Bilger's Rocks is a park in Clearfield County, Pennsylvania, USA, near the town of Grampian in Bloom Township. The surrounding area is intricately laced with hills, mountains, and river valleys that generally follow the Appalachian mountain range in a northwest to southeast direction. The area of the park is located along the Allegheny section of the mountains, approximately 8 miles southwest of the highest point on Interstate 80 east of the Mississippi River.
The creation of the sandstone seen exposed at Bilger's Rocks was during the Carboniferous Period that lasted from 354 to 290 million years ago. The rocks exposed at Bilger's Rocks are the Homewood Formation of the Pottsville Group, dominantly sandstone of Pennsylvanian age. These rocks were once covered by softer rocks (i.e. limestone & shale) that have been eroded away. Near Bilger's Rocks the remaining sandstone bed measures over 50 feet (15 m) thick and is broken up over hundreds of yards. The Homewood sandstone has an age range of approximately 316-320 million years old, predating the breakup of the ancient "supercontinent" known as Pangaea.
The mountains and prominent cliffs along the Susquehanna River, from below Lumber City to below Curwensville, as well as up Anderson Creek and Hughey Run are part of the same massive mountain ranges that were formed when two separate continents collided during Pangea's formation. Below Bells Landing, outcrops of the Homewood strata can be seen throughout the valley of the West Branch of the Susquehanna River. The West Branch was known to Native Americans as Otsinachsin, "The Place By The Rocks."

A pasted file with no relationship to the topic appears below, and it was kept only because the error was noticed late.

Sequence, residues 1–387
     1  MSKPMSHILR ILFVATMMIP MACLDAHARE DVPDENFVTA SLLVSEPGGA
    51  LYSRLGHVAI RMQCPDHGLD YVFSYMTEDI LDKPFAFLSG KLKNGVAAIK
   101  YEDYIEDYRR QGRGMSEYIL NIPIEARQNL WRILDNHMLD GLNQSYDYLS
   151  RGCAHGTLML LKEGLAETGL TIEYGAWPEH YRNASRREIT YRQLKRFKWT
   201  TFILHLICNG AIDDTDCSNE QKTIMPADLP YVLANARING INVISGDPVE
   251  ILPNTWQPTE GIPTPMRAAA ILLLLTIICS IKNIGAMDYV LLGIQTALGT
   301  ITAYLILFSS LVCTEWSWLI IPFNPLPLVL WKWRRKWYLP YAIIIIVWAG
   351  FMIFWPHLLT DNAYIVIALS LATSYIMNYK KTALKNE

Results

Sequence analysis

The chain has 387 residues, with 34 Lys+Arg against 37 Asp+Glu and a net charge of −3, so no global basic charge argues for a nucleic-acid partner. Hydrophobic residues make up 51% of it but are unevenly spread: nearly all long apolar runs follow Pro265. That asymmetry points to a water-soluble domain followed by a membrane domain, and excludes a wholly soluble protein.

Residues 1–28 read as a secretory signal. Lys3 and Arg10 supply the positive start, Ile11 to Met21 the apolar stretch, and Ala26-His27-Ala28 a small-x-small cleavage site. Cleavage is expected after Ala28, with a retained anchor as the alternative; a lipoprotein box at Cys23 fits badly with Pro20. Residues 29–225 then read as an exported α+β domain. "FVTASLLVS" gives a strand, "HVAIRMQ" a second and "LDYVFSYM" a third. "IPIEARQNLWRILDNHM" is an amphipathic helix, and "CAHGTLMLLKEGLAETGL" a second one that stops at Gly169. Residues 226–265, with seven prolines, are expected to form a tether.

The most striking feature about Bilger's Rocks are the various openings, crawlspaces, passageways, and arches found throughout the outcrop. These minute fissures and larger gaps are primarily caused by jointing within the rocks. Joints are caused by tectonic, or mountain-building forces that move and stress rocks, causing them to fracture. The resulting cracks provide an inlet for water, which slowly dissolves the rocks and allows space for ice crystals to freeze and thaw during the seasonal cycles, further pushing the rocks apart. Eventually, plants and trees also grow up through crevasses in the rocks and can exert considerable pressure as they grow, forcing even larger gaps to form. Gravity and erosion work together to slowly level the landscape by breaking the rock into ever smaller pieces and transporting it away. The steady continental movement combined with relentless erosion and weathering over hundreds of millions of years has left the continually evolving "Rock City" that we can observe today.